Definitions applicable to this part.
Acceptable. Any device, equipment, or appliance that is either approved by MSHA and maintained in permissible condition, or is listed or labeled for the class and location under Part I of this chapter.
Bulkhead. An airtight structure separating the working chamber from free air or from another chamber under a lesser pressure than the working pressure.
Caisson. A wood, steel, concrete or reinforced concrete, air- and water-tight chamber in which it is possible for persons to work under air pressure greater than atmospheric pressure to excavate material below water level.
Cofferdam. A watertight barricade or enclosure erected, sunk, driven or otherwise fabricated to permit the performance of work where hydrostatic pressure exists.
Decanting. A method used for decompressing under emergency circumstances. In this procedure, the employees are brought to atmospheric pressure with a very high gas tension in the tissues and then immediately recompressed in a second and separate chamber or lock.
Emergency locks. A lock designed to hold and permit the quick passage of an entire shift of employees.
High air. Air pressure used to supply power to pneumatic tools and devices.
Low air. Air supplied to pressurize working chambers and locks.
Man lock. A chamber through which persons pass from one air pressure environment into another.
Materials lock. A chamber through which materials and equipment pass from one air pressure environment into another.
Medical lock. A special chamber in which employees are treated for decompression illness. It may also be used in preemployment physical examinations to determine the adaptability of the prospective employee to changes in pressure.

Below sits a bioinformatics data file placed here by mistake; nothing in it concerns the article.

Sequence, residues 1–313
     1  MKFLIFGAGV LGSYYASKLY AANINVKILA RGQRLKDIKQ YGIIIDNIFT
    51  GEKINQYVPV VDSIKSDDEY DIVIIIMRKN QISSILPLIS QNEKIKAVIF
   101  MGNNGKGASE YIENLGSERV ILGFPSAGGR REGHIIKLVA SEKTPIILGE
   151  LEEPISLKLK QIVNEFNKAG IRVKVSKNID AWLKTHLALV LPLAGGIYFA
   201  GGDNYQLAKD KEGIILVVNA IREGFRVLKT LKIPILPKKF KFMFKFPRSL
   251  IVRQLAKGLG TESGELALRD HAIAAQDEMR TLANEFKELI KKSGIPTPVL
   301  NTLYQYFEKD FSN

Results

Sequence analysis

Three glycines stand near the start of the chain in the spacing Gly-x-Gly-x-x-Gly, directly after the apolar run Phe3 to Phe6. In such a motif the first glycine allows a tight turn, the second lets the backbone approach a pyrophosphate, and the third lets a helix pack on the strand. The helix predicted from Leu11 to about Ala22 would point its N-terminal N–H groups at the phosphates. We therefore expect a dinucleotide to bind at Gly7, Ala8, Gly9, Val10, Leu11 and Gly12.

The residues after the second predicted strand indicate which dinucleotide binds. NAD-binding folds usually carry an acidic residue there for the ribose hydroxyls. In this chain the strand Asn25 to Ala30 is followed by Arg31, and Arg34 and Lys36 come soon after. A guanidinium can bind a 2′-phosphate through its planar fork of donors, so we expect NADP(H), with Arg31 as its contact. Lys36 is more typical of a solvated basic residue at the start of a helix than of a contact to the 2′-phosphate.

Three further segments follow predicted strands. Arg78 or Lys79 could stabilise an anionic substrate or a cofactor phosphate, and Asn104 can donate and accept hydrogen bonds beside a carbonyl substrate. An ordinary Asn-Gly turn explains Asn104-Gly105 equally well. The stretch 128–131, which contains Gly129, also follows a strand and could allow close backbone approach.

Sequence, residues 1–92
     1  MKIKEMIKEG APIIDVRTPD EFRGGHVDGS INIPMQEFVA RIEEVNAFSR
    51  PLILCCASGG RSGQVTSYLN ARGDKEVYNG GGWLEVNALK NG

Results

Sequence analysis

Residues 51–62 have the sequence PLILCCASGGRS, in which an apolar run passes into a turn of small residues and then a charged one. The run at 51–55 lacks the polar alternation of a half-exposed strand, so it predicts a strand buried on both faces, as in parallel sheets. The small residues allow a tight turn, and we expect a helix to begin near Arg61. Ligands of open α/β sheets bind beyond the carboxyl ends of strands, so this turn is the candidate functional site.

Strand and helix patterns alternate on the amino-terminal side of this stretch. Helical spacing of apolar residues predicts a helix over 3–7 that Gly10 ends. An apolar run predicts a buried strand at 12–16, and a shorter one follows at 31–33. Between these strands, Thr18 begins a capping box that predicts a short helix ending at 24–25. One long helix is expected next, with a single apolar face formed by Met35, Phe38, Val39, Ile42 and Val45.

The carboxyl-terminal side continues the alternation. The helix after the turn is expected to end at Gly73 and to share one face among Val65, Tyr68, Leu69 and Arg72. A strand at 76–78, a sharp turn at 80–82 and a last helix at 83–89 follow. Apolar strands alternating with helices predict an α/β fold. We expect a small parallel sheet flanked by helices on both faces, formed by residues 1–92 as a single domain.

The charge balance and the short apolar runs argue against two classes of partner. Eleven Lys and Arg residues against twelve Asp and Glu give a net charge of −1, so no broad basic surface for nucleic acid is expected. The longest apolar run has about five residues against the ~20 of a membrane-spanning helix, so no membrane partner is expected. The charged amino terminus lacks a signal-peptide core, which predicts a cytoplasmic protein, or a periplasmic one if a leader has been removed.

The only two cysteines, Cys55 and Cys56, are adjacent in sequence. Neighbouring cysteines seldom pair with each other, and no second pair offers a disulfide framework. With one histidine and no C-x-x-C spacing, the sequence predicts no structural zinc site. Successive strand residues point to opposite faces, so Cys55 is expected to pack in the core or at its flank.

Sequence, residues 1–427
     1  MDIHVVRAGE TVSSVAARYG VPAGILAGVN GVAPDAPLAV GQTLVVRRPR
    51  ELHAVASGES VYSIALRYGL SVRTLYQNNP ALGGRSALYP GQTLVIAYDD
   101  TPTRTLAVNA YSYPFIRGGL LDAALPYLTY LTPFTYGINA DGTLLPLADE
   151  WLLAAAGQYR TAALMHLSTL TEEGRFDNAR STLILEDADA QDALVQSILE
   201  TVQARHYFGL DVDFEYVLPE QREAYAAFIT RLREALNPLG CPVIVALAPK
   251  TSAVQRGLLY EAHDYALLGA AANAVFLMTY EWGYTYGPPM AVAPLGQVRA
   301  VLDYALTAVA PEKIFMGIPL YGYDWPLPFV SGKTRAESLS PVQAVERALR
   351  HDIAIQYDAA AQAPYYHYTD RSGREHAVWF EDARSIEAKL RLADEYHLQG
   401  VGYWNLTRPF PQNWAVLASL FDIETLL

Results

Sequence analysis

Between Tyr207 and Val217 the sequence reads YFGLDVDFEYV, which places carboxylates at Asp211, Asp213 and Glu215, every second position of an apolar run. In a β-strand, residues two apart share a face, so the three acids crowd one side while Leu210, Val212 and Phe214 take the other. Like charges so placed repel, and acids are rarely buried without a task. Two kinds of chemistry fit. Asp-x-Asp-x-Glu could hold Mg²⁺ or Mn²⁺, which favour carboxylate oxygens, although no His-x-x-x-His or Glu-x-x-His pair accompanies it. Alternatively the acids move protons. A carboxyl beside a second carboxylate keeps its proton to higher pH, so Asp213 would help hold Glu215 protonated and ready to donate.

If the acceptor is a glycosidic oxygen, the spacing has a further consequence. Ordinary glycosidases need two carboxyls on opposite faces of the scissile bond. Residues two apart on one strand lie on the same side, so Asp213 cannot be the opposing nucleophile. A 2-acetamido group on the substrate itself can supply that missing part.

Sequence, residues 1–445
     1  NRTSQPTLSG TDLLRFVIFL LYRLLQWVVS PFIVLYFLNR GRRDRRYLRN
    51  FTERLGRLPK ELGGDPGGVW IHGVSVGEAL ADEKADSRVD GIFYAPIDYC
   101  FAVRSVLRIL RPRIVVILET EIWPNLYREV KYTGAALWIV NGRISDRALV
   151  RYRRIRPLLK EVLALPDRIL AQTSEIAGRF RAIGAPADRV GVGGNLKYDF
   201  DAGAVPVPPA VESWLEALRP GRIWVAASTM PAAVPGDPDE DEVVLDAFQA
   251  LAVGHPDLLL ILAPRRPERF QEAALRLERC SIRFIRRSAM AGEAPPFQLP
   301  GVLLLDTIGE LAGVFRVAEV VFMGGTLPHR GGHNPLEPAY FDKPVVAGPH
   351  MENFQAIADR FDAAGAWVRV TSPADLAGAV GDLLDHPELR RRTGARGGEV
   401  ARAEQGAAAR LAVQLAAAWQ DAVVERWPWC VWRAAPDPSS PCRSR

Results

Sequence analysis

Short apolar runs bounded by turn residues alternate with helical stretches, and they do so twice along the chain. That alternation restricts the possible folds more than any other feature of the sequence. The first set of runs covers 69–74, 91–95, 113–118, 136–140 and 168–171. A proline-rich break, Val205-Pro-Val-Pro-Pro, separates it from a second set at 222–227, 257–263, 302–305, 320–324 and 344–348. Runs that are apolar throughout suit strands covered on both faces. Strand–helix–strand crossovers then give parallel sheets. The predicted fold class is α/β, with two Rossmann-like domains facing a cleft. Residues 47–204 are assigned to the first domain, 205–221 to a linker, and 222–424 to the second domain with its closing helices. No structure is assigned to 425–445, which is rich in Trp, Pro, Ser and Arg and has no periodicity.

Rapid excavation machine. Tunnel boring machines, shields, roadheaders, or any other similar excavation machine.
Normal condition. One during which exposure to compressed air is limited to a single continuous working period followed by a single decompression in any given 24-hour period; the total time of exposure to compressed air during the single continuous working period is not interrupted by exposure to normal atmospheric pressure, and a second exposure to compressed air does not occur until at least 12 consecutive hours of exposure to normal atmospheric pressure has elapsed since the employee has been under pressure.
Pressure. A force acting on a unit area. Usually shown as pounds per square inch. (p.s.i.)
Absolute pressure (p.s.i.a.). The sum of the atmospheric pressure and gauge pressure. (p.s.i.g.)
Atmospheric pressure. The pressure of air at sea level, usually 14.7 p.s.i.a. (1 atmosphere), or 0 p.s.i.g.
Gauge pressure (p.s.i.g.). Pressure measured by a gauge and indicating the pressure exceeding atmospheric.
Safety screen. An air- and water-tight diaphragm placed across the upper part of a compressed air tunnel between the face and bulkhead, in order to prevent flooding the crown of the tunnel between the safety screen and the bulkhead, thus providing a safe means of refuge and exit from a flooding or flooded tunnel.
Special decompression chamber. A chamber to provide greater comfort for employees when the total decompression time exceeds 75 minutes.
Working chamber. The space or compartment under air pressure in which the work is being done.
C.F.R. Code of Federal Regulations.
MSHA. Mine Safety and Health Administration.
NIOSH. National Institute for Occupational Safety and Health.
[Statutory Authority: RCW 49.17.010
. WSR 16-09-085, § 296-155-725, filed 4/19/16, effective 5/20/16. Statutory Authority: Chapter 49.17
RCW. WSR 90-03-029 (Order 89-20), § 296-155-725, filed 1/11/90, effective 2/26/90. Statutory Authority: RCW 49.17.040
. WSR 86-03-074 (Order 86-14), § 296-155-725, filed 1/21/86; Order 74-26, § 296-155-725, filed 5/7/74, effective 6/6/74.]